Procedural and clinical utility of transulnar approach for coronary procedures following failure of radial route

Single centre experience

Mansour Sallam, Adil Al-Riyami, Mohammad Misbah, Rashid Al-Sukaiti, Abdallah Al-Alawi, Aiman Al-Wahaibi

Research output: Contribution to journalArticle

3 Citations (Scopus)

Abstract

Objectives: To assess the feasibility and safety of transulnar approach whenever transradial access fails. Background: Radial access for coronary procedures has gained sound recognition. However, the method is not always successful. Methods: Between January 2010 and June 2013, diagnostic with or without percutaneous coronary intervention (PCI) was attempted in 2804 patients via the radial approach. Transradial approach was unsuccessful in 173 patients (6.2%) requiring crossover to either femoral (128 patients, 4.6%) or ulnar approach (45 patients, 1.6%). Patients who had undergone ulnar approach constituted our study population. Selective forearm angiography was performed after ulnar sheath placement. We documented procedural characteristics and major adverse cardio-cerebrovascular events. Results: Radial artery spasm was the most common cause of crossover to the ulnar approach (64.4%) followed by failure to puncture the radial artery (33.4%). Out of 45 patients (82.2%), 37 underwent successful ulnar approach. The eight failed cases (17.8%) were mainly due to absent or weak ulnar pulse (75%). PCI was performed in 17 cases (37.8%), of which 8 patients underwent emergency interventions. Complications included transient numbness, non-significant hematoma, ulnar artery perforation, and minor stroke in 15.5%, 13.3%, 2.2% and 2.2%, respectively. No major cardiac-cerebrovascular events or hand ischemia were noted. Conclusion: Ulnar approach for coronary diagnostic or intervention procedures is a feasible alternative whenever radial route fails. It circumvents crossover to the femoral approach. Our study confirms satisfactory success rate of ulnar access in the presence of adequate ulnar pulse intensity and within acceptable rates of complications.

Original languageEnglish
Pages (from-to)138-144
Number of pages7
JournalJournal of the Saudi Heart Association
Volume26
Issue number3
DOIs
Publication statusPublished - 2014

Fingerprint

Radial Artery
Percutaneous Coronary Intervention
Thigh
Pulse
Ulnar Artery
Hypesthesia
Spasm
Punctures
Forearm
Hematoma
Angiography
Emergencies
Ischemia
Hand
Stroke
Safety
Population

Keywords

  • Alternative
  • Coronary procedures
  • Feasible
  • Femoral approach
  • MACCE
  • Radial
  • Ulnar

ASJC Scopus subject areas

  • Cardiology and Cardiovascular Medicine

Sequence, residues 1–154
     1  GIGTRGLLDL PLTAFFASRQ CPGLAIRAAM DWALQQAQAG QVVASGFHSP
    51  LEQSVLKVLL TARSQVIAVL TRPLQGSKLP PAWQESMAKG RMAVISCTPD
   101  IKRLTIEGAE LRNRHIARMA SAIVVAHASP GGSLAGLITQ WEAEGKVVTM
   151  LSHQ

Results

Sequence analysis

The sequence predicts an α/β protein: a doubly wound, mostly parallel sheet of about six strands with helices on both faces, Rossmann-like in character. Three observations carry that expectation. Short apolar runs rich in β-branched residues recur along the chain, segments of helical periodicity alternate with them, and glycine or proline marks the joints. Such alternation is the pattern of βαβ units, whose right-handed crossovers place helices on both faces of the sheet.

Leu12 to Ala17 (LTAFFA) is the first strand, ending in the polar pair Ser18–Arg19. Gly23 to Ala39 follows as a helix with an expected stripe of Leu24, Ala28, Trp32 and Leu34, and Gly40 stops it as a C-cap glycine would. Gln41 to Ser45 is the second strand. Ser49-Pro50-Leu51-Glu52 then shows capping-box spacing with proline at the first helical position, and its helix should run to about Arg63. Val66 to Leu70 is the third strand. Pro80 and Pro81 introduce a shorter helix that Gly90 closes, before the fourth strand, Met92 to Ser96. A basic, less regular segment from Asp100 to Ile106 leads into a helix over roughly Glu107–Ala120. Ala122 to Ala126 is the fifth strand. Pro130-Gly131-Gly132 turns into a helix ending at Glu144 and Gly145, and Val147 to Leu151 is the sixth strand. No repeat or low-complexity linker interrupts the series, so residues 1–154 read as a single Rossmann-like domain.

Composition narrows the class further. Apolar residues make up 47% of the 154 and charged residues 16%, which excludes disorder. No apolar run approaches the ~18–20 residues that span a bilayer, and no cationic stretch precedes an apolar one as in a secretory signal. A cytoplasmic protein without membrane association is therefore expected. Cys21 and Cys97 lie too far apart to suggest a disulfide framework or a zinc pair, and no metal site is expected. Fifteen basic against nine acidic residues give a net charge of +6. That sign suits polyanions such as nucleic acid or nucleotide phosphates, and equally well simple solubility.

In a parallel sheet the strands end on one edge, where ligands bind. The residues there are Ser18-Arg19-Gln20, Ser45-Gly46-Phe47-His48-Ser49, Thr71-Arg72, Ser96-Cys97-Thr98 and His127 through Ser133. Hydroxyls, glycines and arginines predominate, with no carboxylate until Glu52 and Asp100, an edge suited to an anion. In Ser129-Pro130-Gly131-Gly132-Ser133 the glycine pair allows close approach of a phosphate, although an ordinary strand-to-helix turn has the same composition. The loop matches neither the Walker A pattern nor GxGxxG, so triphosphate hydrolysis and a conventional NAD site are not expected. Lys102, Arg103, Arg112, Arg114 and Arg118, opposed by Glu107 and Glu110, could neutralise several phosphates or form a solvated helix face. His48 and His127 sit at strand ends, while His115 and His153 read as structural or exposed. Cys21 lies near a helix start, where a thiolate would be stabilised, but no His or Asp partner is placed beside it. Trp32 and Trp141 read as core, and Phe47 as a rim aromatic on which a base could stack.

Cite this

Procedural and clinical utility of transulnar approach for coronary procedures following failure of radial route : Single centre experience. / Sallam, Mansour; Al-Riyami, Adil; Misbah, Mohammad; Al-Sukaiti, Rashid; Al-Alawi, Abdallah; Al-Wahaibi, Aiman.

In: Journal of the Saudi Heart Association, Vol. 26, No. 3, 2014, p. 138-144.

Research output: Contribution to journalArticle

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abstract = "Objectives: To assess the feasibility and safety of transulnar approach whenever transradial access fails. Background: Radial access for coronary procedures has gained sound recognition. However, the method is not always successful. Methods: Between January 2010 and June 2013, diagnostic with or without percutaneous coronary intervention (PCI) was attempted in 2804 patients via the radial approach. Transradial approach was unsuccessful in 173 patients (6.2{\%}) requiring crossover to either femoral (128 patients, 4.6{\%}) or ulnar approach (45 patients, 1.6{\%}). Patients who had undergone ulnar approach constituted our study population. Selective forearm angiography was performed after ulnar sheath placement. We documented procedural characteristics and major adverse cardio-cerebrovascular events. Results: Radial artery spasm was the most common cause of crossover to the ulnar approach (64.4{\%}) followed by failure to puncture the radial artery (33.4{\%}). Out of 45 patients (82.2{\%}), 37 underwent successful ulnar approach. The eight failed cases (17.8{\%}) were mainly due to absent or weak ulnar pulse (75{\%}). PCI was performed in 17 cases (37.8{\%}), of which 8 patients underwent emergency interventions. Complications included transient numbness, non-significant hematoma, ulnar artery perforation, and minor stroke in 15.5{\%}, 13.3{\%}, 2.2{\%} and 2.2{\%}, respectively. No major cardiac-cerebrovascular events or hand ischemia were noted. Conclusion: Ulnar approach for coronary diagnostic or intervention procedures is a feasible alternative whenever radial route fails. It circumvents crossover to the femoral approach. Our study confirms satisfactory success rate of ulnar access in the presence of adequate ulnar pulse intensity and within acceptable rates of complications.",
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